Clones were classified with a rating of 5 if pronounced vein clearing at main leaf veins were jointly displayed with brownish streaks on the stems and shoot die-back that came out as a candle-stick. Clones with 31 – 40% leaf vein clearing as well as dark brown steaks at the stems were classified under score 4. A Score of 3 was assigned to clones with 21 – 30% leaf vein clearing with emerging brownish streaks on the stems. While a rating of 2 was designated to clones that just displayed 1 – 20% leaf vein clearing without the visible dark brown streak symptoms on the stems. Vegetation classified with a score of just one 1 showed no obvious indication of leaf necrosis and brown streaks on the stems. Alternatively, root symptoms were likewise classified into 5 numerous categories predicated on a 5 – point common scale.

Two-stage genomic analyses

For the panel 1 which was crafted as a randomized complete block (RCB) we match the style: , employing the lmer function from the lme4 R package deal (Bates et al., 2015).In this version, β included a set effect for the population mean and area. The incidence matrix Zclone and the vector c represent a random result for clone and I stand for the identity matrix. The number variable, which is the row or column along which plots are arrayed, is normally nested in location-rep and is usually represented by the incidence matrix Zrange(loc.) and random results vector .Block effects were nested in ranges and integrated as random with incidence matrix Zblock(selection) and effects vector . Residuals had been fit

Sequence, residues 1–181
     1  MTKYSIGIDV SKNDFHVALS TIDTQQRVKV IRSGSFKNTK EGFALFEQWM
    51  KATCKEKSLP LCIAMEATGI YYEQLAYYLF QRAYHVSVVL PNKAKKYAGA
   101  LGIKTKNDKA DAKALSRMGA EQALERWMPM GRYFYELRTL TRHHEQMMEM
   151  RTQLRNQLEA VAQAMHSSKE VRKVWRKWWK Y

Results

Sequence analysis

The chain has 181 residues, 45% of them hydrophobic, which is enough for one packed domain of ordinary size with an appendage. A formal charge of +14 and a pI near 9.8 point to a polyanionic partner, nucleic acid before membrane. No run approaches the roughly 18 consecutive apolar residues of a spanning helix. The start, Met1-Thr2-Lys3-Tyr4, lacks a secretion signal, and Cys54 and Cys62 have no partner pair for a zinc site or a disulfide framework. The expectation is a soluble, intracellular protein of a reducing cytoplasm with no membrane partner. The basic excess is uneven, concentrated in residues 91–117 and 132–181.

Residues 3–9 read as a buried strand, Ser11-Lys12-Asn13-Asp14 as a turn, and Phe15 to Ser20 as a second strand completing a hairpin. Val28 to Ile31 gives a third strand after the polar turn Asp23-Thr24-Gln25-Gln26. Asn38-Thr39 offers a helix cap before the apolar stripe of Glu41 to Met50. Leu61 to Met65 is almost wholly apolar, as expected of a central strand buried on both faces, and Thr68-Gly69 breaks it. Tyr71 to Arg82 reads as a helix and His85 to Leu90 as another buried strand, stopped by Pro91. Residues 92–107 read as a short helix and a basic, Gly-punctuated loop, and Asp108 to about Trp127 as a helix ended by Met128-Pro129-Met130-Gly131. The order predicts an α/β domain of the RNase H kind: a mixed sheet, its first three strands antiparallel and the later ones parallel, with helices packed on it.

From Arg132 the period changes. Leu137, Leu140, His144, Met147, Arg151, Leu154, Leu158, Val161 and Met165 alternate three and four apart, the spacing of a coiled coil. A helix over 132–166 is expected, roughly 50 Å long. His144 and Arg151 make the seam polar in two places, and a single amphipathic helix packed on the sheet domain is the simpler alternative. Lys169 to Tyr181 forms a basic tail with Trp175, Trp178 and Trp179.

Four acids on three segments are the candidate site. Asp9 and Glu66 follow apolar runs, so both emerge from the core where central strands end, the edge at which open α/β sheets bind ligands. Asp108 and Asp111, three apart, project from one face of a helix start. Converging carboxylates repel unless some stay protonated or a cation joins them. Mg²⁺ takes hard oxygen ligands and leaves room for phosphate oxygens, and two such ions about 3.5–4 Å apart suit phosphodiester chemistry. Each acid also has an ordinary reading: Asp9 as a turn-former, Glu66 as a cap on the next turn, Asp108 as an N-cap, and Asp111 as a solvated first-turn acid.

as random, with .

For panel 2, which followed an augmented style, we fit the style Where y was the vector of raw phenotypes, β included a fixed effect for the populace mean and site with checks included as a covariate, The incidence matrix Zclone and the vector c are exactly like over and the blocks were likewise modeled with incidence matrix and b signifies the random effect for block. The very best linear predictors (BLUPs) of the clone impact (ĉ) were extracted as de-regressed BLUPS following the formula:

Broad impression heritability was calculated applying variance pieces extracted from the two stage lmer output. SNP-structured heritability was calculated by extracting the variance components from the output attained by fitting the SNPs as a kinship covariate calculated employing the A.mat function from the rrBLUP R bundle and contained in a one step model using the emmreml function from the EMMREML R package (Akdemir and Okeke, 2015).